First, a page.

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August 15, 2015 | Currency Pegs & Their Risks

Martin Armstrong

Martin Arthur Armstrong is the former chairman of Princeton Economics International Ltd. He is best known for his economic predictions based on the Economic Confidence Model, which he developed.


The devaluation of the Chinese renminbi (Yuan) raises serious implications both economically and politically. The mere fact that a peg exists allows for political criticism as if this were some currency war. First, China acted with devaluing the renminbi for its economy to remain on an even keel, trying to keep growth and employment high. Secondly, China acted to help make its currency a pre-eminent global currency which helps promote the country’s diplomatic goals and solidify the country’s centrality to the global economy. However, these two goals can also emerge in conflict with one another.

Currency pegs are dangerous for they can produce the wrong political implications. A 5% swing in currency value is no big deal in the markets as with dollar/euro. However, simply because China has a managed float (peg) they run the risk of being accused of creating a currency war with just a 2% adjustment.  Pegs can over-shoot as well as under-shoot and either can be economically disruptive. We saw what happened to the Swiss Peg and then there were the pegs in Southeast Asia that facilitated the Asian Currency Crisis of 1997. In both cases, the governments lost a fortune because pegs provide a stop-loos to foreign capital.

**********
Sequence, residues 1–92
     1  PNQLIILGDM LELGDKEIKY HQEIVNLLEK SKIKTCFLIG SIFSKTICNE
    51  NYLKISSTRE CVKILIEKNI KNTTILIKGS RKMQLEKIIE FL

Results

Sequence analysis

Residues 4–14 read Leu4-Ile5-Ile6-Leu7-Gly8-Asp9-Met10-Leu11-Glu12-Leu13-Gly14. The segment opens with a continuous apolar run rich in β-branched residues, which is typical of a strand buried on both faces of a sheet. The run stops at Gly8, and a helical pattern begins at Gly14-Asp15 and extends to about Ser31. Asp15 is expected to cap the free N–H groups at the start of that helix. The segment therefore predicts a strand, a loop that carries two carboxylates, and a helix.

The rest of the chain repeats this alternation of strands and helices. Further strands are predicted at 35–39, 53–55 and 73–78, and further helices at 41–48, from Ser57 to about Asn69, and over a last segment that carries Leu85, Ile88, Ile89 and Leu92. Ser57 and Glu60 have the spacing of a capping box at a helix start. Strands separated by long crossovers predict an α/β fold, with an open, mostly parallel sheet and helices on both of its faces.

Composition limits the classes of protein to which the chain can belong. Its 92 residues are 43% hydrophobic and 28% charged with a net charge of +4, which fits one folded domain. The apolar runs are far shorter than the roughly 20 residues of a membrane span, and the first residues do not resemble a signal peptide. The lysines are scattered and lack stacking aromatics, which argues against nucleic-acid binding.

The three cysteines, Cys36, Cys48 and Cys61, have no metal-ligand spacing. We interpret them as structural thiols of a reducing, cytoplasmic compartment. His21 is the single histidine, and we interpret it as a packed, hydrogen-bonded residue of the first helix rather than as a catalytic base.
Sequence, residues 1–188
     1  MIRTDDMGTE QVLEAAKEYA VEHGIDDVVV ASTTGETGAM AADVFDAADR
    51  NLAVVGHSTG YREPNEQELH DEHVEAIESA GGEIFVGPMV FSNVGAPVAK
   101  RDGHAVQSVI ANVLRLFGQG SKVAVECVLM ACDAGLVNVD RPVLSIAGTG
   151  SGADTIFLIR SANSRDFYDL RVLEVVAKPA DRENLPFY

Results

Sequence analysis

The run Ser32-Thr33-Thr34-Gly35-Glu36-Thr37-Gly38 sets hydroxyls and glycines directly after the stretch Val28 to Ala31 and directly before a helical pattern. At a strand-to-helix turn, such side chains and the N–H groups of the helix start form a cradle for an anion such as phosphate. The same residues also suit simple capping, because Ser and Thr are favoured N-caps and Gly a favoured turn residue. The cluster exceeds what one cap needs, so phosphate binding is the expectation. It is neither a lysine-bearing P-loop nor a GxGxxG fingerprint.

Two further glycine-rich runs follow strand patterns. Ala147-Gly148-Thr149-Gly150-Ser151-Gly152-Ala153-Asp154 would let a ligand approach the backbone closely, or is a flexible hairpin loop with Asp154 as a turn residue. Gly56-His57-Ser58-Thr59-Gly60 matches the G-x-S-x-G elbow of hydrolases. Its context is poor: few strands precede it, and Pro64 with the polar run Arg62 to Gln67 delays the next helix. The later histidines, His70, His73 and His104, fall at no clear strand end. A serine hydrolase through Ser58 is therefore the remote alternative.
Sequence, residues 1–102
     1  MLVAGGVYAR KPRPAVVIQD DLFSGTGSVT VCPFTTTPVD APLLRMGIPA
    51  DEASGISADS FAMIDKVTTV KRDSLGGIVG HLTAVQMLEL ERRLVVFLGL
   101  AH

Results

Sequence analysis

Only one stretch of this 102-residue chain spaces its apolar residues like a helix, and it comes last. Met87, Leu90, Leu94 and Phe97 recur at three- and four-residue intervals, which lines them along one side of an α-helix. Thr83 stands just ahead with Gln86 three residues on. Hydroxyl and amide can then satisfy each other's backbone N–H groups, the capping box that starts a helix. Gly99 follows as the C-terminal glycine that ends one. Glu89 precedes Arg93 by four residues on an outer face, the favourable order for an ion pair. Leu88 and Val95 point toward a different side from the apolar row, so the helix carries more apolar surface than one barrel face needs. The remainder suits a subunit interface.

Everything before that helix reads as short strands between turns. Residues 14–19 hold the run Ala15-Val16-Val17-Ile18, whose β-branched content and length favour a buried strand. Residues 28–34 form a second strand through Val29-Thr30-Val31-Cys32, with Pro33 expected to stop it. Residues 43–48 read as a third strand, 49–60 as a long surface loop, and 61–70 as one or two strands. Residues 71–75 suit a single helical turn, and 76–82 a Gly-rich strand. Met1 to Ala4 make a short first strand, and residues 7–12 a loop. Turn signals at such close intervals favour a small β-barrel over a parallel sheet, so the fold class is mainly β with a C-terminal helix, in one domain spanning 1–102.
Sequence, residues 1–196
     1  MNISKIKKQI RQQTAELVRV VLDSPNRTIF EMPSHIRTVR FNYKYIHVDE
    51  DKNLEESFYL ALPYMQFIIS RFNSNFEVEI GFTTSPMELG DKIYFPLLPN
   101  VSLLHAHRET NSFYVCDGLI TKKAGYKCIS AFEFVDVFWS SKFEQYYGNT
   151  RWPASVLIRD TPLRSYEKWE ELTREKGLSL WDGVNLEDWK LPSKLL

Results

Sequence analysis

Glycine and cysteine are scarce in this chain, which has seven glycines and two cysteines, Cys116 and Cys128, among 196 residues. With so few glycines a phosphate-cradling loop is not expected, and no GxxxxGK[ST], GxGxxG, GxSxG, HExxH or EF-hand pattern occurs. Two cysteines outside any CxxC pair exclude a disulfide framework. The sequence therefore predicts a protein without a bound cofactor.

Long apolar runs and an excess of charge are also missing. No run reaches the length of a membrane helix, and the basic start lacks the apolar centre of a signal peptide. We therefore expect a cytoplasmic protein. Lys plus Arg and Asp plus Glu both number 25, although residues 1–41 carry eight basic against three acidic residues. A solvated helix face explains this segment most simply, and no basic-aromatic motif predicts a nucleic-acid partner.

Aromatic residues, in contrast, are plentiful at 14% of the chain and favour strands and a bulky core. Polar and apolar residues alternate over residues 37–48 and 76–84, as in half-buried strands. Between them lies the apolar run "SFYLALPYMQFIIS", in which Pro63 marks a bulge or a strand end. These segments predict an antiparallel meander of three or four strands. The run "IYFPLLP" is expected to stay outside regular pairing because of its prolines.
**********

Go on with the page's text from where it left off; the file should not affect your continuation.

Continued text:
China should move to a full float now for the high in the renminbi (Yuan) took place with a 19 year decline in the dollar forming the 2013 low. The majority seem to have been surprised by the dollar rally (devaluation) only because they seemed to have overlooked the fact that the low was clearly made in 2013 and an uptrend was already in motion.

China is being blamed wrongly for a devaluation when in fact the trend was already in motion in the market and the economy. Floating the renminbi now will eliminate the blame that the trend is being manufactured by China when in fact this is a dollar bull market unfolding globally.

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August 15th, 2015

Posted In: Armstrong Economics

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